Kerkouane or Kerkuane (Arabic: كركوان, Karkwān) is the site of an ancient Punic city in north-eastern Tunisia, near Cape Bon. Kerkouane was one of the most important Punic cities[dubious ], with Carthage, Hadrumetum (modern Sousse), and Utica. This Phoenician city was probably abandoned during the First Punic War (c.250 BC) and was not rebuilt by the Romans. It had existed for almost 400 years.

Shown within Tunisia
LocationNabeul Governorate, Tunisia
Coordinates36.946389°N 11.099167°E / 36.946389; 11.099167
Official namePunic Town of Kerkuane and its Necropolis
Designated1985 (9th session)
Reference no.332
UNESCO RegionArab States

UNESCO declared the Punic town of Kerkouane and its necropolis a World Heritage Site in 1985, citing among other things that the remains constitute the only example of a Phoenicio-Punic city to have survived.


The name Kerkouane was given to the town by archaeologists. Its name in antiquity has not been preserved in any known historical documents.[1]


Kerkouane is a small town and was probably never home to more than 1,200 people, mostly fishermen and craftsmen. Based on the presence of many murex shells, it would appear that the town produced purple dye, in addition to salt and garum (a food product).[1]

Excavations of the town have revealed ruins and coins from the 4th and 3rd centuries BC. Around the site where the layout is clearly visible, many houses still show their walls, and the coloured clay on the facades is often still visible. The town was built on a grid with wide streets and public squares. The houses were built to a standard plan, in accordance with a sophisticated notion of town planning.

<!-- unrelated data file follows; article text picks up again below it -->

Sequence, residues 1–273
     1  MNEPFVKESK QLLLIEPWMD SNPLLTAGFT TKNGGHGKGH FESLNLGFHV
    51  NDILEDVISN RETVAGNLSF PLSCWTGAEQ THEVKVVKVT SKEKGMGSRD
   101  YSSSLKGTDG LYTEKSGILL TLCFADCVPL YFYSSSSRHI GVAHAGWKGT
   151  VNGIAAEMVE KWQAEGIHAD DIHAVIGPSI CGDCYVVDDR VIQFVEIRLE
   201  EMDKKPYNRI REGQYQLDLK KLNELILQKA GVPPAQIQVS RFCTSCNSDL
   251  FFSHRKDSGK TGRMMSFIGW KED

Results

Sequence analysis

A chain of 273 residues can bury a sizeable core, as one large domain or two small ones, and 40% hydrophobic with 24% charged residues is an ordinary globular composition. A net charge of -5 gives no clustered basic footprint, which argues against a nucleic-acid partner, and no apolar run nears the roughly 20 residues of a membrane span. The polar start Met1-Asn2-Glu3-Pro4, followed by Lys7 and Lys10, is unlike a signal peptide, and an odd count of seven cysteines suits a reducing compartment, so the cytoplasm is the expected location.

Traces of red ochre found in excavated tombs are common also to native Libyan burial customs, but the religious and architectural traditions of the town are predominantly of Carthaginian style. A black-figure wine jug decorated with a scene from The Odyssey found with an Ionian cup, and Greek architectural elements like peristyle courtyards and stucco plaster decorations found among the remains of upscale private homes, show the town was influenced by the culture of the greater Mediterranean world.[1]

A sanctuary has some columns preserved, and in a small atrium parts of mosaics are found. Curbstones, doorsteps, thresholds, and floors of simple mosaic layers are found all over the ruins.[2]

There is an area for ritual banquets and a sacrificial altar. While archaeologists are unsure precisely which deities the temple was dedicated to, they speculate based on artifacts found at the site that it may have been Melqart, Sid and Tanit. Terracotta heads showing two males wearing conical hats resemble Sid and Melqart iconography known from the Temple of Antas in Sardinia.[1]


  1. Miles, Richard (July 21, 2011). Carthage Must Be Destroyed. United Kingdom.
  2. "Kerkouane". Retrieved 2020-05-28.